Got Garden???

by on August 27, 2010

A Cool New Tool That Eases Garden Aches and Pains

The Gator Grabber
Bending, kneeling, and squatting in the garden can take their toll on your body — especially if you suffer from joint pain or have recently had surgery.

Luckily, there are some cool new tools out there that minimize bending and stretching. For starters, check out the Gator Grabber from Radius, a company that makes ergonomic tools that ease pain and strain in the garden.

The Gator Grabber is exactly what it sounds like: a long-handled tool that allows you to grab leaves, logs, and stray sticks and move them from one location to another. Instead of bending down or squatting to collect garden debris, you remain comfortably standing and let the tool do the work.

Tips for Helping Trees Beat the Heat

Help Trees
During the summer, your garden gives you lots of signs that it needs water. But did you know that your trees need plenty of water, too?

The folks at the Pennsylvania Horticultural Society have put together a few handy tips for keeping your trees healthy and happy during the scorching heat of summer:

  • Water when soil is dry beneath the mulch.
  • Give trees (especially newly planted ones) about 15 to 20 gallons once a week from March through October, and twice a week during periods of no or little rain.
  • Trickle water onto the soil surface using a hose, a bucket with small holes in the bottom, or a water bag.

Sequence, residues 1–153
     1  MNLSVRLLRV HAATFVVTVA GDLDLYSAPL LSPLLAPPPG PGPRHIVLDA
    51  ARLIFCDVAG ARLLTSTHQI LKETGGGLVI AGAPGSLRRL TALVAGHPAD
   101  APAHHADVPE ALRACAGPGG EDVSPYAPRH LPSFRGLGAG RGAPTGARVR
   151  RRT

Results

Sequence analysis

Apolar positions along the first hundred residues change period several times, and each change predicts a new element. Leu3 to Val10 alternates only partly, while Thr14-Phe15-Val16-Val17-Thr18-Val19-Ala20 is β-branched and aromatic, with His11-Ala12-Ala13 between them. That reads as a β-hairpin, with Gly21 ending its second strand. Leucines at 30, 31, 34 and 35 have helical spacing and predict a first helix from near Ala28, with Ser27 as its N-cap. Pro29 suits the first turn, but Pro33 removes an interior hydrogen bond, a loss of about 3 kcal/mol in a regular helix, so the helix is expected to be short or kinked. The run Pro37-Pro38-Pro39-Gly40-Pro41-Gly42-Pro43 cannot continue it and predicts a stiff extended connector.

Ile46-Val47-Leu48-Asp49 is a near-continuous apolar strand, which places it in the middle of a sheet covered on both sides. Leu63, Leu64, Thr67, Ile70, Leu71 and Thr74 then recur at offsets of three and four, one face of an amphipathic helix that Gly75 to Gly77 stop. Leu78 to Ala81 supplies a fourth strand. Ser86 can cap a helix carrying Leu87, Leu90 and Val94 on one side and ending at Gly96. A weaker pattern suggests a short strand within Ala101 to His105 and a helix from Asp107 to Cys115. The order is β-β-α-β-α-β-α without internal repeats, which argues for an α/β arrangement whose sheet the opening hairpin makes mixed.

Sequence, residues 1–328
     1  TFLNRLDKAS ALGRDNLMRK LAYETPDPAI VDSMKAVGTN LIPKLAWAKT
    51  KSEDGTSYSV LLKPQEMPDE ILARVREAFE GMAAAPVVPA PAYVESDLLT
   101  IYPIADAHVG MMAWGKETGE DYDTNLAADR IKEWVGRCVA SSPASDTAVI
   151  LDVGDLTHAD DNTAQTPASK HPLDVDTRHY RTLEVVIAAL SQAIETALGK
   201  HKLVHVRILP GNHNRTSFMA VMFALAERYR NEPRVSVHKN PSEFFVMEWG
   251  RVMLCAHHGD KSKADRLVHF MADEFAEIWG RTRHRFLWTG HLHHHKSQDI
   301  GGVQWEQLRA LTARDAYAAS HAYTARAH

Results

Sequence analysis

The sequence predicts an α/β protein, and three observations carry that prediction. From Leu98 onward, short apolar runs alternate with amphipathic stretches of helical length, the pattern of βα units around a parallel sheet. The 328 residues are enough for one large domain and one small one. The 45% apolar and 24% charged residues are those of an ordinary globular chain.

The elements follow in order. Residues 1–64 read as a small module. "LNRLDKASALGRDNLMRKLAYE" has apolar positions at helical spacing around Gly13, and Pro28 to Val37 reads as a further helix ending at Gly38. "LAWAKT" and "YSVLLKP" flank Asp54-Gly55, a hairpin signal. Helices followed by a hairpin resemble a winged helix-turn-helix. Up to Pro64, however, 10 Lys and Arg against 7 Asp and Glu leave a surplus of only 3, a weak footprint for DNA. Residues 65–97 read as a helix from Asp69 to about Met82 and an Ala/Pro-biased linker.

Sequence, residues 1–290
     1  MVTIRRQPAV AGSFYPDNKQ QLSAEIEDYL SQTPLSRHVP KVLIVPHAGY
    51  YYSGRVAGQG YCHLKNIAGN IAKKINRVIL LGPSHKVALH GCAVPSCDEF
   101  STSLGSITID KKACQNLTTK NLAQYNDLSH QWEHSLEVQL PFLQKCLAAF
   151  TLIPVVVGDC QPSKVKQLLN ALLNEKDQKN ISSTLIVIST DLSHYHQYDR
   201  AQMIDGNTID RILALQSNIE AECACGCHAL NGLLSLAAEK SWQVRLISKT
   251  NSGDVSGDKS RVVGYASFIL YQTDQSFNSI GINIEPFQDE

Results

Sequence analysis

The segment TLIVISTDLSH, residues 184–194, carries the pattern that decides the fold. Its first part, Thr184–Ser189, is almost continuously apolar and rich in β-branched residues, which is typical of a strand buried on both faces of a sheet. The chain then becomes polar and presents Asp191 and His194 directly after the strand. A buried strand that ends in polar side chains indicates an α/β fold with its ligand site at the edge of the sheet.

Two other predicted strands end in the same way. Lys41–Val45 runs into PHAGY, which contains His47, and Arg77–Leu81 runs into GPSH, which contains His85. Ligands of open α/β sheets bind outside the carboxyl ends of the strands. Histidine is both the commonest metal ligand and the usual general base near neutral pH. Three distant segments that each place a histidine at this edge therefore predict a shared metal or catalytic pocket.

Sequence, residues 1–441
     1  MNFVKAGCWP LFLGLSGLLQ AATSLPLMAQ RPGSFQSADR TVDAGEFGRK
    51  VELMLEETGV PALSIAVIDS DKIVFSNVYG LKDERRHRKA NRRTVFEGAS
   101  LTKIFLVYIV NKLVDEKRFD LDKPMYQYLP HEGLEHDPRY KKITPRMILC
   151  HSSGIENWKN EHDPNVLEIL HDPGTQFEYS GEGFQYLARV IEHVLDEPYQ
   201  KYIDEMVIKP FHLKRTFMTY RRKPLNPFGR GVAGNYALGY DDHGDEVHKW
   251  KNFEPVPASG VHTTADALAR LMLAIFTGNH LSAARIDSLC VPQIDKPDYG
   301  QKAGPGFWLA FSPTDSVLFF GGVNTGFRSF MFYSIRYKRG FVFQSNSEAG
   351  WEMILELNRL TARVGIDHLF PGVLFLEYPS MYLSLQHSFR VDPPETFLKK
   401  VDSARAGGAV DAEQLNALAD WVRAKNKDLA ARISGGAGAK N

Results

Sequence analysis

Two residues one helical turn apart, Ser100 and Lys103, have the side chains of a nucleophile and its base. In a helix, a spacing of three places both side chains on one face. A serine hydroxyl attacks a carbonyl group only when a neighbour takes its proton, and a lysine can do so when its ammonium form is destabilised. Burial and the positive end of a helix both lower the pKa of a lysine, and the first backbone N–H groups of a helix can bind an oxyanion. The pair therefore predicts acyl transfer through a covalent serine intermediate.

• The best time to water is before 9 a.m. — during a drought, this may be the law in some communities. Check with your local municipality for watering restrictions.

Soil on a Stick

soil moistureNo matter how much you love to garden, dealing with dirt under your nails and cuticles is not fun (especially after you indulged in that manicure last week). Well, we’ve discovered that at least one aspect of gardening can get a whole lot less down and dirty—testing soil moisture!

The InGauge Soil Moisture-Tester helps you know when and how much to water your plants, lawn, and small trees.

It’s super easy. Just insert the InGauge blade into the soil and pull it out. Soil will cling to its notches, helping you determine soil color and dampness. It tests for moisture at five different levels while also aerating the soil for better water absorption.

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